Let's be honest – premium sport sedan buyers who want the best option for driver engagement will always buy a BMW 335i or Audi A4. Volvo knows this, and that's this approach to create something unique with the S60 really works. Instead of trying to be a Bimmer-beater, Volvo crafted an emminently handsome, luxurious sedan that offers plenty of driving enjoyment for the vast majority of sedan shoppers. People expect you to buy a 3 Series in this segment, but the Volvo's more unique packaging works well for an automaker that's trying to reinforce its one-of-a-kind image.
The price of entry for the S60 T6 AWD is $38,575, including $875 for destination and delivery, and with nearly all the optional trimmings, our test car rang in at a dear $47,675. That's about what you'd pay for a similarly equipped 335i xDrive, and while the BMW is certainly the driver's choice (in case we haven't made that clear enough already), we actually prefer the S60's interior refinement and unique style. If there are enough people in this world willing to sacrifice a bit of behind-the-wheel enthusiasm for a piece of slightly tangier pie (and we think there are), Volvo's objective of creating something special with the S60 will be a recipe for success.
Photos copyright ©2011 Steven J. Ewing / AOL
New Car Test Drive
New T5 and R-Design models join redesigned lineup.
We said in our review of the redesigned 2011 Volvo S60 that it was a sports sedan that does it all. Well, not quite. The 2012 S60 R-Design, added to the lineup, does quite a bit more, in the areas of speed, handling and style, both exterior and interior.
The inline 6-cylinder S60 T6 AWD has been selling very well since its introduction last year, including 40 percent to women over the years, according to Volvo. Because it was all new for 2011, the S60 returns unchanged for 2012, but redesigned T5 and R-Design models have joined the lineup.
The S60 R-Design raises T6 horsepower from 300 to 325 hp, and torque from 325 foot-pounds to 354. This drops the 0-60 acceleration time from 5.8 seconds to 5.5. The sporty R-Design has a sleeker nose, firmer suspension, 18-inch wheels, more seat bolstering, unique steering wheel, and racier instrumentation.
The five-cylinder T5 front-wheel-drive model returns after two years away, with an all-new engine making 250 hp, a 6-speed automatic (replacing a 5-speed), better fuel mileage and a lower price.
Volvo suggests the S60 competes with the BMW 335i and Audi A4. It costs thousands less.
The Volvo S60 has beautiful lines that are carefully drawn. It's stylish, clean and sophisticated. Same with the interior, which features standard leather in the T6 and aluminum trim that looks like sculpture in some spots. The dashboard and center stack, with the optional 7-inch display screen, make the driver feel successful and in command.
The chassis delivers excellent handling. The all-wheel-drive T6 offers secure cornering and even the front-wheel-drive T5 features a system called Corner Traction Control by Torque Vectoring, which moves torque to the outside wheel/wheels to help steer the car around a turn and reduce understeer.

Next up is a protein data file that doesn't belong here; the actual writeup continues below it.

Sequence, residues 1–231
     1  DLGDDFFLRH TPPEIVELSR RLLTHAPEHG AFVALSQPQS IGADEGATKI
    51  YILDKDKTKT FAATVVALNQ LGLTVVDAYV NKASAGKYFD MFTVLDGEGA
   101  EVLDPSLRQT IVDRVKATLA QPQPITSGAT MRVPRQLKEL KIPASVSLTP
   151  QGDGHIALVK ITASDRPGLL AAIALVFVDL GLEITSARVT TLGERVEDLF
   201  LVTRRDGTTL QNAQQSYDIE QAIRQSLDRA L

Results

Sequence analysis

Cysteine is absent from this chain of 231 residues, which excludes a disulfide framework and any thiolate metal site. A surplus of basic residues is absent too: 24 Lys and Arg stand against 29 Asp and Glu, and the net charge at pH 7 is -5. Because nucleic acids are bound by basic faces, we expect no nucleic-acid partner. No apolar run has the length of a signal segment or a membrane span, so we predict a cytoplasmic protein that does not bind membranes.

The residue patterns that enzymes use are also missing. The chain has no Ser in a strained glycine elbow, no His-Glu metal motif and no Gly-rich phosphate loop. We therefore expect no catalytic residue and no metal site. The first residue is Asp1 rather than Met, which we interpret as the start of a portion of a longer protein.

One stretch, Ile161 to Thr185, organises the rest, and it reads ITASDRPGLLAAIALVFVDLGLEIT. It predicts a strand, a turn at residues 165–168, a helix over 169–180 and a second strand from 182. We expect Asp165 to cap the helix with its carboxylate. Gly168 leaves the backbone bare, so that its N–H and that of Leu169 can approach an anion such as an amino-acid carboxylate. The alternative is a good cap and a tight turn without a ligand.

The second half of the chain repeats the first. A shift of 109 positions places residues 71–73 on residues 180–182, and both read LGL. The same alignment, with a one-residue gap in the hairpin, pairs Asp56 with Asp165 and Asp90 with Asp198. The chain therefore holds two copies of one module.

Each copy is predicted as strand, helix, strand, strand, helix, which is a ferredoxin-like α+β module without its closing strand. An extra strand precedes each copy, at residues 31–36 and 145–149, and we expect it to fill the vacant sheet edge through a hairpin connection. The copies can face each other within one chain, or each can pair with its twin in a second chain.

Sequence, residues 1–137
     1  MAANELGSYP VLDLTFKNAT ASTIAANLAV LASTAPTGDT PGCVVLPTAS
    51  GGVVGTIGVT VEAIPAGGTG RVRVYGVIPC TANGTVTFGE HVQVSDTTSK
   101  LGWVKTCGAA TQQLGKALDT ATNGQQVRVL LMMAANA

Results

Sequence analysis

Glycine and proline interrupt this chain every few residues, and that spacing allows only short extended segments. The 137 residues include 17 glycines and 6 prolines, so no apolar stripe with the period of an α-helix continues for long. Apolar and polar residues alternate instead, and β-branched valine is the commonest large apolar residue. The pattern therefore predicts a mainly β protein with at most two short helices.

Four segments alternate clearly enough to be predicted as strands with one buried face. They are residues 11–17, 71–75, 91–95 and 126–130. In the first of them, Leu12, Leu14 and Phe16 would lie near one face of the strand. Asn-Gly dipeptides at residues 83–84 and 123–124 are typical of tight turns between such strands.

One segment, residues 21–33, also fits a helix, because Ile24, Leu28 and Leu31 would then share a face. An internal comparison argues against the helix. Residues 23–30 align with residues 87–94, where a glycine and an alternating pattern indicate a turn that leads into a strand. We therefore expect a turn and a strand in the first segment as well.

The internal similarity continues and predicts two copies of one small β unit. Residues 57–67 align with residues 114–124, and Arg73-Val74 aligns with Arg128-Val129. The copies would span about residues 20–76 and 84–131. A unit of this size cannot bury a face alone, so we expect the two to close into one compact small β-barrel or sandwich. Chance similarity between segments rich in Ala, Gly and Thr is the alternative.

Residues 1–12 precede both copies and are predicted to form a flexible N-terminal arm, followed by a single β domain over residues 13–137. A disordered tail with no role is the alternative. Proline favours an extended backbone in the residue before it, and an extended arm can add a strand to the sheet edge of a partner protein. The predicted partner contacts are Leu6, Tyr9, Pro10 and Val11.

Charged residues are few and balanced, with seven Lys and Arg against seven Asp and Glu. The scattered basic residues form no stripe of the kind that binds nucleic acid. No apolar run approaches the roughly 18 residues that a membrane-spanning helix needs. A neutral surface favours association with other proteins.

The S60 suspension was developed on old roads in the UK. The 2011 S60 redesign got shorter, stiffer springs, firmer bushings, more travel in the shock absorbers, and a new steering column with faster steering ratio, using front MacPherson struts and rear multi links. The T6 uses Volvo's Dynamic Chassis, while the T5 uses the Touring Chassis, the difference being in the stiffness of bushings, springs and dampers; but each chassis is available on the other car, should you want a soft T6 or firm T5.
In the S60 T6 there's also the optional Four-C active chassis offering Comfort, Sport and Advanced settings. The S60 R-Design has no settings, you get what it comes with, which is firmer than the Advanced setting on the S60 with Four-C. The S60-R pushes the limit of stiffness, but for Volvo enthusiasts won't cross it.
The T6 engine is a 3.0-liter turbocharged intercooled inline six-cylinder, making 300 horsepower and 325 pound-feet of torque at a low 2100 rpm. It's wonderfully smooth and quick when passing on two-lanes. It gets an EPA-estimated 18 City and 26 Highway miles per gallon. The pumped up S60-R gets the same fuel economy rating.
The new T5 engine is a 2.5-liter inline five-cylinder, iron block with aluminum cylinder liners, intercooled turbocharger, making an impressive 250 horsepower with 266 foot-pounds of torque, plus a feature that gives 295 foot-pounds of torque for 10 seconds. Zero to 60 mph can be accomplished in 6.8 seconds. Volvo estimates the T5 will get 20 city, 30 highway miles per gallon, and costs the 2012 S60 T5 costs thousands less than the prior model similarly equipped. The T5 uses a new 6-speed automatic. We think the T5 offers good value, considering its power, safety engineering, comfort and style.
The S60 R-Design makes 25 more horsepower and 29 more foot-pounds of torque than the T6, thanks to ECM programming for more boost, fuel, and sharper throttle response. It's quite noticeable. We drove the S60 T6 on the track at Oregon Raceway Park and the S60-R at Thunderhill in California, and the S60-R clearly runs harder. For the track, it's a good thing the suspension is stiffer. Despite Torque Vectoring, it still understeers when cornered at the limit (meaning the front tires lose grip before the rear tires).
Volvo has broken new ground in safety yet again. There's an optional system called Pedestrian Detection, which brings the car to a halt at any speed below 22 mph, without the driver's involvement, when a pedestrian is in the vehicle's path.
The S60 carries Volvo's Safe and Secure warranty plan, with free scheduled maintenance for the first 5 years or 50,000 miles, including wear and tear coverage and roadside assistance.